LONDON, March 19 (Reuters) - European shares fell at the
open on Tuesday with trade expected to remain volatile as the
Cypriot bank levy continued to take centre stage with investors
wrestling over the longer-term impact of the bailout plan.
Cyprus's Stock Exchange suspended trade on Tuesday and
Wednesday while banks on the island remained shut as its
parliament looked set to reject a divisive tax on bank deposits
in a vote scheduled for Tuesday.
By 0805 GMT, the FTSEurofirst 300 fell 0.5 percent
to 1,194.37, having closed 0.3 percent lower in the previous
session after Cyprus's bailout plan sparked fears of bank runs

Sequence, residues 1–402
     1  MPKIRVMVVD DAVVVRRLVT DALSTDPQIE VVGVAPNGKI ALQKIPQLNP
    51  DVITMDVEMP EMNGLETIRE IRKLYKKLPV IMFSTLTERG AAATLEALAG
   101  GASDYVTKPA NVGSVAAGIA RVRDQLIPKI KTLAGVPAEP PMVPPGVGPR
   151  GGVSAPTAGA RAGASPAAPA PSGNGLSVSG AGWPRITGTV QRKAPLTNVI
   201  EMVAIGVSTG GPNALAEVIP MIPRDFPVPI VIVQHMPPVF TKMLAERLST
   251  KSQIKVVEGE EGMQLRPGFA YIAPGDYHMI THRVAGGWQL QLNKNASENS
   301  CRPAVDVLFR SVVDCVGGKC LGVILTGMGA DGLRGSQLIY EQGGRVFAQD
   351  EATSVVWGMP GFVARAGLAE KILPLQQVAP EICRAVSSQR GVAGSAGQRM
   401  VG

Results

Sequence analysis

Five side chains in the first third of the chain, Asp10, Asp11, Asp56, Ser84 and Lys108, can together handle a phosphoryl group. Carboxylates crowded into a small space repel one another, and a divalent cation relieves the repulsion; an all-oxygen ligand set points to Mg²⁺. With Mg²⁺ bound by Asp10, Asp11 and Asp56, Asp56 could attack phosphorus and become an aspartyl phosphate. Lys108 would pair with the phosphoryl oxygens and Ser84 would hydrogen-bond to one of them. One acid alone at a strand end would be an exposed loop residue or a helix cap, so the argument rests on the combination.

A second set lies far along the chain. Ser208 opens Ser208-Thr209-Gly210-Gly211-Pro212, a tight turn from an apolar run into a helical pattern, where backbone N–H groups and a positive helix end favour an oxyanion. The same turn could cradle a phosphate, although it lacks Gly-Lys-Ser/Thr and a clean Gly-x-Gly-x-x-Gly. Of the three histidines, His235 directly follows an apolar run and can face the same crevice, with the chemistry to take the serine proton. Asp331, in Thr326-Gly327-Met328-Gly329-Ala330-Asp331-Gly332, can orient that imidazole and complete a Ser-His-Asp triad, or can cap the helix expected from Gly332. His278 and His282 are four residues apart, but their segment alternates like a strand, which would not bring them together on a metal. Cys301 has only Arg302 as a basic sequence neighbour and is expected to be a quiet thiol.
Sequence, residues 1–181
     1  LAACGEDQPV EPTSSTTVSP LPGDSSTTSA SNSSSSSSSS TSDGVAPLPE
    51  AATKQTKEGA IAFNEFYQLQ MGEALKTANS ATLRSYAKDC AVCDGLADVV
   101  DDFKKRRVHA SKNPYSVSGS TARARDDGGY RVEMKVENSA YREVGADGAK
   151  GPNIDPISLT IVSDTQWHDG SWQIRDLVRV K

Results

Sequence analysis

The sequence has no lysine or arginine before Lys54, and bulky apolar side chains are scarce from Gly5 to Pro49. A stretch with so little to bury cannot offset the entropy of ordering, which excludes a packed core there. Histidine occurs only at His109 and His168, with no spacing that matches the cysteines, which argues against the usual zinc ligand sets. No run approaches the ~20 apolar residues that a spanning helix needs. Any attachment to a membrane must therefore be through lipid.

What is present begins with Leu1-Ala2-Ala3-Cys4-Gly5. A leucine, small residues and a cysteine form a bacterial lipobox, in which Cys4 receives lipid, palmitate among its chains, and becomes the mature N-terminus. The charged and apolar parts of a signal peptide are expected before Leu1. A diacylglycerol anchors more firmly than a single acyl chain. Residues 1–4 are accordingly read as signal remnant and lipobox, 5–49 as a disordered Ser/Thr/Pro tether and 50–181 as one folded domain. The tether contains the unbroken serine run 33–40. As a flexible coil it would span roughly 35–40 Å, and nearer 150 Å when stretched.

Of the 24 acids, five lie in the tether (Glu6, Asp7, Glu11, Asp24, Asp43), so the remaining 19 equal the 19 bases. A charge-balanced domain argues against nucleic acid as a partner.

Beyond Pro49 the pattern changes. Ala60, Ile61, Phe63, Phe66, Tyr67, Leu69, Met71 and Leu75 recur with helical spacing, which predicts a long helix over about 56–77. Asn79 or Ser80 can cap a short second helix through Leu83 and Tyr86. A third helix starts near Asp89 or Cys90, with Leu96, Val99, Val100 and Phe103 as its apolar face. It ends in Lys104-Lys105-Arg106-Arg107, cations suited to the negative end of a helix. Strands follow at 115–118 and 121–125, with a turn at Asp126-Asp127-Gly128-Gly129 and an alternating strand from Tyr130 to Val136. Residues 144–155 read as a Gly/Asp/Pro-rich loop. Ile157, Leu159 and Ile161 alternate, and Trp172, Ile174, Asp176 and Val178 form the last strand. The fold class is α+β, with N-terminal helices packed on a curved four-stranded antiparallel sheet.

in the euro zone's most indebted countries.
The sell-off caused a sharp spike in European volatility
-- a crude gauge of investor fear -- although settled
down as investors took the opportunity to grab more shares in
big European multinationals on the dips in a market underpinned
by central bank support.
"The markets are currently still focusing on the fact that
central banks will always be there to save the day, the
relatively good economic data out of the U.S. and that there has
been no major sell-off after the Italian election, so investors
are still positioned for a risk-on environment," Andreas
Hoefert, chief economist at UBS, said.
However, Hoefert said that in the long run the developments
in Cyprus would be unsettling for the market because it
undermines the euro and the trust surrounding policy in Europe,
which at some point will see the market reposition itself.